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A Peace Offering To The Fraudsters

A Peace Offering To The Fraudsters

Russian hacker hacking the server in the dark
Senior Director of Strategic Alliances
LexisNexis Risk Solutions - Government

In September of 2023, the U.S government announced a moratorium on processing tax returns that claimed the Employee Retention Tax Credit (ERC). Not to be confused with a mortuary. The ERC is not dead. It was just hemorrhaging in fraud. Congress created the ERC to encourage employers to keep workers on their payrolls during the pandemic. But like all COVID-19 relief programs, a huge chunk of the funds dedicated to the ERC have been victim to fraud. Yet in the pile of more than one million pending claims that have been stopped due to the moratorium, there are some legitimate claims. Claims made by employers who are counting on that money to survive.

Since last September, the IRS has been analyzing its pile of claims and trying to find a way to decide which ones to pay and which to reject. Decisions, decisions, decisions. During this time, the IRS has let taxpayers withdraw unpaid claims, increased audits, started criminal investigations and created a voluntary disclosure program so employers can give back money they don’t think they deserve. It’s a peace offering to the fraudsters. And calm before the storm. In the coming weeks, the IRS plans to deny tens of thousands of claims. About 60% to 70% of the one million pending claims it reviewed carry unacceptable risk, while 10% to 20% fall into the highest risk category, the agency said. Does that mean not even 30% are legitimate claims?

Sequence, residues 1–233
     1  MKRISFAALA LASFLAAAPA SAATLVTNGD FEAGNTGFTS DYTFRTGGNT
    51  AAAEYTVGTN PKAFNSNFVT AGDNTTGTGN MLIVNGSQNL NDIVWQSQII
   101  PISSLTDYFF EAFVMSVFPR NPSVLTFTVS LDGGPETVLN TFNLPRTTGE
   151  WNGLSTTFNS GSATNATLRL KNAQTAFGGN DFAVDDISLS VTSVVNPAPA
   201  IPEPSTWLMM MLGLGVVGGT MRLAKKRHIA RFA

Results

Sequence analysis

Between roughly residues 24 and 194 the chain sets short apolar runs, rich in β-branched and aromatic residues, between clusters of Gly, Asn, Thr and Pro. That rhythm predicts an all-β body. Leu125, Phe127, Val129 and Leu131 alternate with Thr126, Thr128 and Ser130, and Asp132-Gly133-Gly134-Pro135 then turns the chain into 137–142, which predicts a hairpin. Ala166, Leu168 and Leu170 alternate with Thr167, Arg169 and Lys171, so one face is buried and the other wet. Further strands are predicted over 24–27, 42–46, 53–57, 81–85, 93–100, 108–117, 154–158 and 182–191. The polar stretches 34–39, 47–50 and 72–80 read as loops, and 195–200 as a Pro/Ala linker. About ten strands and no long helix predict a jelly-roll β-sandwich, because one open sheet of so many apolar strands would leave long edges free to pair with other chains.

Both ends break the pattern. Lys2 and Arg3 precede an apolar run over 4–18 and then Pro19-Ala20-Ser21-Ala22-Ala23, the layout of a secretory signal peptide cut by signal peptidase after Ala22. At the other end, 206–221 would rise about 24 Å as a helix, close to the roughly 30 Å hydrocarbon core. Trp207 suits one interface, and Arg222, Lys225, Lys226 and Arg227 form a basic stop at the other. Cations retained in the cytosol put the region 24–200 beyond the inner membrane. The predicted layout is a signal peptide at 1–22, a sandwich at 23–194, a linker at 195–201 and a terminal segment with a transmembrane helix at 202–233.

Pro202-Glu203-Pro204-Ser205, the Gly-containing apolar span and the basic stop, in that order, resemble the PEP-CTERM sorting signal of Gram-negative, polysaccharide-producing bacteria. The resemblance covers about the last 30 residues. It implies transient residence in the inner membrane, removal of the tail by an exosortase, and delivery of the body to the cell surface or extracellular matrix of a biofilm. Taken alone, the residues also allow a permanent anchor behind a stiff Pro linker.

Shout out to the Internal Revenue Service. The backlog of unprocessed ERC claims had swelled to 1.4 million by mid-May. Since the moratorium started, the IRS had processed 28,000 claims totaling $2.2 billion and disallowed more than 14,000 claims worth more than $1 billion.

Today’s Fraud of The Day is based on article “IRS to Reject Billions of Dollars in Covid Employer Tax-Credit Claims” published by the Wall Street Journal on June 20, 2024.

The Internal Revenue Service is planning to deny billions of dollars of what it says are improper claims for a popular pandemic-era tax credit, while starting to gradually pay out some claims that have been sitting at the tax agency for more than nine months.

The IRS, following a long review of the employee retention tax credit, plans to maintain a moratorium on processing claims filed since mid-September 2023. The agency, which had said it hoped to resume significant processing of claims in late spring, announced its plans less than an hour before the summer solstice.

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